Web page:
In time before Twitter, cowboy poets ruled the litter

A spotlight took the place of a campfire, contoured plastic chairs replaced good sitting logs and a hardwood floor substituted for a dusty trail as cowboy poets and musicians assembled at Blue Goose Event Center in Loomis to offer attendees a view of life on the range.

Modeled after the National Cowboy Poetry Gathering, held annually in Elko, Nev., the Cowpoke Fall Gathering brought together a nationally known lineup of poets, storytellers and musicians that placed story over style and heart over hooks. The event – in its 19th year – concludes today with a free Cowboy Church event at 9 a.m. at the Blue Goose, 3550 Taylor Road. Including sponsorships, ticket sales and auction items, the event raises nearly $20,000 for four charities, said organizers Bert and Carol Braun.

Dozens of cowboy poetry events, chiefly in the West, are held annually around the country. The most prominent, Elko’s National Cowboy Poetry Gathering, began in 1985. The idea was a one-time event to celebrate the trails-end cowboy storytelling tradition.

“They really did not expect to take off the way that it did. It filled a need in the ranching community … an opportunity to share their voice,” said Darcy Minter, a spokeswoman for the Western Folklife Center, which hosts the event. As performers honed their talent and more events sprung up, some, including Waddie Mitchell, could afford to make it their full-time craft.

A healthy house – a third donning cowboy hats – laughed, swooned and emoted Friday as performers Chris Isaacs, John Kintz, Brenn Hill, Belinda Gail and Mitchell offered pieces that spoke of life on the trail, personal heroes and the sacrifices of war. But while attendance was strong and performances were top notch, the Brauns were not at peace.

“How do we get young people to the show?” Bert Braun asked the performers in the green room.

That’s the looming question for most cowboy poetry events. Mitchell, 63, has no trouble connecting with the tales he heard as a young man or the tradition of passing along oral wisdom. He grew up in rural Nevada, spent years without electricity and still travels miles to reach cellphone range.

“We didn’t have TV. We all did the strangest thing at night: we talked to each other,” Mitchell said.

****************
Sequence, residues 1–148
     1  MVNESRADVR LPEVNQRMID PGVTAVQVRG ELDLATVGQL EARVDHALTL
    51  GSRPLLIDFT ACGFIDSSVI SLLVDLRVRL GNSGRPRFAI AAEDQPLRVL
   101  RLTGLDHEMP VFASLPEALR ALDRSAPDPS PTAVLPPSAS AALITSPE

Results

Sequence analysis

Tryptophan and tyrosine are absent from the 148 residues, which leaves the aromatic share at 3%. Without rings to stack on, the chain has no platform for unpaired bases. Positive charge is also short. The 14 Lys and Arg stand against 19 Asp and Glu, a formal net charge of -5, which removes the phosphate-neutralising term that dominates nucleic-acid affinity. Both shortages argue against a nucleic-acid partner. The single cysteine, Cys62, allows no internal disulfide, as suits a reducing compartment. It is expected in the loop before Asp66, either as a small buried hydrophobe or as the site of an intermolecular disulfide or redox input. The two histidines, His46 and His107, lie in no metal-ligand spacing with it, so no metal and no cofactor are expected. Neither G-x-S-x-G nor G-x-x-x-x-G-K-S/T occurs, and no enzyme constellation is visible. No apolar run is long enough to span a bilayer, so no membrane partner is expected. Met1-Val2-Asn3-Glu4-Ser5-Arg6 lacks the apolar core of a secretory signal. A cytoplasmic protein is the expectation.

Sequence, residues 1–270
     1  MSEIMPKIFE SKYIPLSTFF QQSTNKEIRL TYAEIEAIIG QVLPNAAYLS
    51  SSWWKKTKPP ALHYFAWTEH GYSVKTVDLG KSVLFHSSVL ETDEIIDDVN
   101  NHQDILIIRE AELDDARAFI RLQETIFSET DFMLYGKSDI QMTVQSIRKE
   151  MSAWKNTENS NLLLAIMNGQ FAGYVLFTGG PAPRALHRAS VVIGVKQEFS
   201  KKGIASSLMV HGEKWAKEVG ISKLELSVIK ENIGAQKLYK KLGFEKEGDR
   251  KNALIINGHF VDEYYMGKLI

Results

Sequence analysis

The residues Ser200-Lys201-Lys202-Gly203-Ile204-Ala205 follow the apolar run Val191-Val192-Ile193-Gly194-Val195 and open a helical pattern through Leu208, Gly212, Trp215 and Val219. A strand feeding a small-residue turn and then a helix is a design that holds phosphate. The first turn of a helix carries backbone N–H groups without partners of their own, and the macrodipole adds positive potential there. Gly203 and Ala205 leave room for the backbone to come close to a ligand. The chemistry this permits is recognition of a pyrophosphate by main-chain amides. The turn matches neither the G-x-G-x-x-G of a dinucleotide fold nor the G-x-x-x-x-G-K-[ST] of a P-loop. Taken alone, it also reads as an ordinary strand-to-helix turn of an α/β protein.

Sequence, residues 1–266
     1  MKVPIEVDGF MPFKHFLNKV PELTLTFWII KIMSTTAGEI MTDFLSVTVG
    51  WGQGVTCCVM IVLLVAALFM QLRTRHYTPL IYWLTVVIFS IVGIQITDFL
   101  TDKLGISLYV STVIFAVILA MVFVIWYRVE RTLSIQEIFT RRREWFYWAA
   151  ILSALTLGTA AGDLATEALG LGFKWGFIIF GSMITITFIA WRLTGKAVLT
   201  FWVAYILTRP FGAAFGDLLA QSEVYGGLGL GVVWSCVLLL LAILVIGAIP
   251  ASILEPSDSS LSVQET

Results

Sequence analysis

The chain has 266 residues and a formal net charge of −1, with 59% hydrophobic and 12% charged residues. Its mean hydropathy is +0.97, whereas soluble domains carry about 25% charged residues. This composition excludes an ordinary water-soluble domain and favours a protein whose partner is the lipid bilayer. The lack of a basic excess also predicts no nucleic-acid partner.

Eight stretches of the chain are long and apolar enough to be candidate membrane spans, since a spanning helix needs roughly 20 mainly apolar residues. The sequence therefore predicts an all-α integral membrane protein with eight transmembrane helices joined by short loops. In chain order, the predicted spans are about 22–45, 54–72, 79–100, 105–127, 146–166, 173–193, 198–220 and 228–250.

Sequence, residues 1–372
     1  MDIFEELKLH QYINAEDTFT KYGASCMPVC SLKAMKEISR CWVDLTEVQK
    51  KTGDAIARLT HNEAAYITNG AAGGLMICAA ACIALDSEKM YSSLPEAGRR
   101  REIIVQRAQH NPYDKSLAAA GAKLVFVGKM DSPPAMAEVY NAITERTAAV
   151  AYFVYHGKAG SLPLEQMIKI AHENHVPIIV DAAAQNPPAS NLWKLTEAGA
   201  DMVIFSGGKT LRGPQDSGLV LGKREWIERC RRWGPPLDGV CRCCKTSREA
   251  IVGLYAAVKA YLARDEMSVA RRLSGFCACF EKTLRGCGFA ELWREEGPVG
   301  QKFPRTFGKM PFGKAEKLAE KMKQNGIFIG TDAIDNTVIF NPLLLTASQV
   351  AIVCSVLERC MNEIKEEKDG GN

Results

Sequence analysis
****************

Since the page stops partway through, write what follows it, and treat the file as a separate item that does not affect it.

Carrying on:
The long-term question is: How do you convince a generation raised on the social-media world of Twitter, Facebook and Snapchat to embrace a communication form for which they have little connection? Looking at the audience at the Blue Goose – anyone without gray hair would qualify as young – the Brauns might settle for attracting the generation raised on “Pac Man,” “Dig Dug” and “Super Mario Bros.”

“If we can get them in the door, we can sell them,” Bert Braun said.

Gail said she had to be coerced to attend her first event. Braun said he enjoys watching reluctant husbands and children go from arms-crossed to sitting on the edge of their chairs. Many events, including the Loomis shows, include student performers. But Isaacs said event organizers should limit the bill to polished performers. One idea floated by others was to feature younger, diverse acts. Mitchell recalled one such event when he shared the stage with then full-time rapper LL Cool J.

“I didn’t have any more idea who he was than him me,” Mitchell said. He said the two mixed fine, especially after the show.

“We got pretty drunk,” Mitchell said.

While most in the audience were older, there were several children and a smattering of people still of child-rearing age. One suggestion from a younger audience member is to de-emphasize the rhyme.

“You have to think of it more as cowboy stories. I think poetry turns them off,” said David Yee, 40, of Wheatland.

Erin Harrison traveled from San Francisco to attend the event with her Granite Bay family. She said they discovered it while visiting a dude ranch.

“It just seemed like a great event to check out,” Harrison said. “It’s just so mellow and clean and happy.”